Birobidzhan, Russia
Date: Lodging: Distance: Total:
11/07/1999 Hotel Vostok 186 KM 27149 KM

PHOTOS
 
Some of the few remaining members of the Jewish congregation left in Birobidzan


Birobidzan boys


 
The signs in Birobidzan, the capital of the Jewish Autonomous Region, are often in Russian and Hebrew, but virtually no one can read the Hebrew anymore.


Men stack hay along the road to Birobidzan. Mechanized farming is a long way off.


 
The under-construction Russian Orthodox Church in Birobizhan


Birobizhan, capital of the Jewish Autonomous Region (which was supposed to become the homeland for the Jewish people), claims one small synagogue today. When we visited, we met three people working inside the synagogue who said that almost every Russian Jewish person has left Siberia for Israel, Canada or the US.


 
Along the banks of the Amur River, this village exists just outside of Khabarovsk.


One of the many faces of Siberia


 
One of many Chinese who have flooded into the political, social and economic vacuum developing in Siberia. China will someday own this area again, just as they did before the 19th century.


When we saw Chinese workers in a field about 80 kilometers from Khabarovsk, we stopped to meet them. This man finally agreed to let me photograph him.


 
This group of Chinese workers, with Sasha in the hat as their ringleader, was most willing to halt their work to pose for me.


This Siberian woman caught my eye and then stood patiently waiting as I fumbled to grab the camera and capture her for posterity.


 
Amazed by these ancient tools, Jim pulled over so I could take this shot. How many more years will these pitchforks and rakes see use?


This car ferry – really a barge with a tow boat attached – took us across the Amur River, one of the five largest in the world. Amazingly a bridge for automobiles still does not exist along this pass in Siberia. A local said a car bridge, which began construction in 1990, will be completed in October 1999.


 
 
PAIGE'S OBSERVATIONS
 
11 July 1999 - Dinner in a sauna of a restaurant with cracked, white paint sealing shut the windows and more flies buzzing than customers eating. Things improved when I met Tatiana and Helen and shared their vodka. I approached the women asking if I could try their cranberry-looking vodka. They invited me to sit and offered me a glass of the wine/vodka mixture.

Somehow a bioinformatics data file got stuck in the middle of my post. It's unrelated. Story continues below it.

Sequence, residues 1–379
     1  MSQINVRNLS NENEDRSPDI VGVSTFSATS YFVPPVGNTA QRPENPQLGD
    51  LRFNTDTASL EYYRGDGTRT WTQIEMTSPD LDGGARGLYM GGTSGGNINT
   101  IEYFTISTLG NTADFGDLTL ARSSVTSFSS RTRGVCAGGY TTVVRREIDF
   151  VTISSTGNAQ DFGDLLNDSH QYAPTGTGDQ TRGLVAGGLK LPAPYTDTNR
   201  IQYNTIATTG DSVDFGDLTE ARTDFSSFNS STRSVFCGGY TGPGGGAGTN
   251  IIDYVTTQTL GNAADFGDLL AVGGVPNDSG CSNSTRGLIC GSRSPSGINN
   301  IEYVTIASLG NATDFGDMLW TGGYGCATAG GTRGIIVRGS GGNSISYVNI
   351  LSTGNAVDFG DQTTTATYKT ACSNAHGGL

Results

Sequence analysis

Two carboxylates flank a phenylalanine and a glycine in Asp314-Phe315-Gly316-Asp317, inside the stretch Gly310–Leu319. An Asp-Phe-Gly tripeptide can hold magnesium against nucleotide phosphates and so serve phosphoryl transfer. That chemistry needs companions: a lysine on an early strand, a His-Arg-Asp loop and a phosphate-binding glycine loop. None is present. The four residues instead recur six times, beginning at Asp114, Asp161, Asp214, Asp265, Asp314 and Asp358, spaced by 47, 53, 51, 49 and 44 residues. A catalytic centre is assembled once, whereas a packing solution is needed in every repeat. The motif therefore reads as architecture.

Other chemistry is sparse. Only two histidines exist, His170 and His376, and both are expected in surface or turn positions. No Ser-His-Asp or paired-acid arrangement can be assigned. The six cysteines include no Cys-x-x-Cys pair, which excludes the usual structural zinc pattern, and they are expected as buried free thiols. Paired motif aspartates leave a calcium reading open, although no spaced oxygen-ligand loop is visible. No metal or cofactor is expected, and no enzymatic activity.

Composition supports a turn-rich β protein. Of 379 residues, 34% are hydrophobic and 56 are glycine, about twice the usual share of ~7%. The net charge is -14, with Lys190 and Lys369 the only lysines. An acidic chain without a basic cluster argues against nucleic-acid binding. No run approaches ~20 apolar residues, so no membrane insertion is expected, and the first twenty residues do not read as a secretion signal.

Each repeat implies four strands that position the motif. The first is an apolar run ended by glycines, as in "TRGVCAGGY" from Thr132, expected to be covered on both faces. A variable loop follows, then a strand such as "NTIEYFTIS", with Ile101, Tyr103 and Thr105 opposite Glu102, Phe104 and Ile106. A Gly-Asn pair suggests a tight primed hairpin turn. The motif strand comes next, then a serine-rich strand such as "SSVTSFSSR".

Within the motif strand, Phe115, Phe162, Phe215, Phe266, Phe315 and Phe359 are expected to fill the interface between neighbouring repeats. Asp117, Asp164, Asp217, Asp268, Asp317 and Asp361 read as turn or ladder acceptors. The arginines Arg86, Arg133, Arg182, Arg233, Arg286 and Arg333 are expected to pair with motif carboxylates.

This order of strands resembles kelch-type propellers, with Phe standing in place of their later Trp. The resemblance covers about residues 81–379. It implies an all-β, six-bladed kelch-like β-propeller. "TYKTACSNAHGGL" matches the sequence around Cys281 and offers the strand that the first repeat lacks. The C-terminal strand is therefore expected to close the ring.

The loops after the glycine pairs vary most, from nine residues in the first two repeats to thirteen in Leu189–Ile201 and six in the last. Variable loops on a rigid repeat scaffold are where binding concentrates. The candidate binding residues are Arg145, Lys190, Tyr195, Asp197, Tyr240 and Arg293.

Twenty-two year-old Tatiana and Helen, 26, both government employees were enjoying a rare, girls night out. Tatiana with thin, tweezed eyebrows is bleached blond and mother of a one-year old daughter. Helen, with three front-teeth lined in gold and frosted hair cut like Dorothy Hammill, has a six-year-old son. They had left their children with their mothers, while both husbands worked nightshift.

Perhaps the vodka, or a face they would never see again, served as the catalyst for the disclosures made that evening, but both talked candidly with me. First we talked about role models, which led to women’s figures. They quizzed me on fashion, insisting they stay attuned to trends by reading glossy magazines. Tatiana admitted, “We want Chanel No. 5 but wear the fakes because designers do not ship here.” Helen said of Russian politics: “That’s the only place where Russian women have a chance to gain any position. But I find it hard to care about politics now. We've had three prime ministers in the last year and I grow tired of keeping up.” Tatiana replied, “Yes, government is important. The women who work in high profile government jobs go the stylist once a week, because they must look presentable. I would love that. Imagine having your hair done every week. We dye ours and paint our own fingernails. Going to our dacha and planting potatoes is our life!” With this, she roared with laughter.

One of the more revealing parts of the evening came from Helen. “Women have to marry by 25 or no one will have them. And once married, you go to the doctor every three months to make sure you are clean because if you are not sleeping around, then your husband is.” After more vodka, both admitted to on-going affairs. Tatiana lamented, “I've been sleeping with Vladimir for six months. Why not? My lover treats me better than my husband.” Around midnight, after dancing with them to Russian songs, in a swirl from too much vodka and honest conversation, I asked my finale question, “If you could change just one thing in your life, what would it be?” Without missing a beat, Helen looked me dead in the eyes and outstretched her hands to mine, “My life.”

 

VIDEO
 
  Jewish Autonomous Region
AUDIO
 
  Crossing the Amur River (Jim)
  Amur River to Birobidzhan in the Jewish Autonomous Region (Jim)
  Japanese cars are fewer. (Paige)
  Wells (Jim)
  Sex holidays (Jim)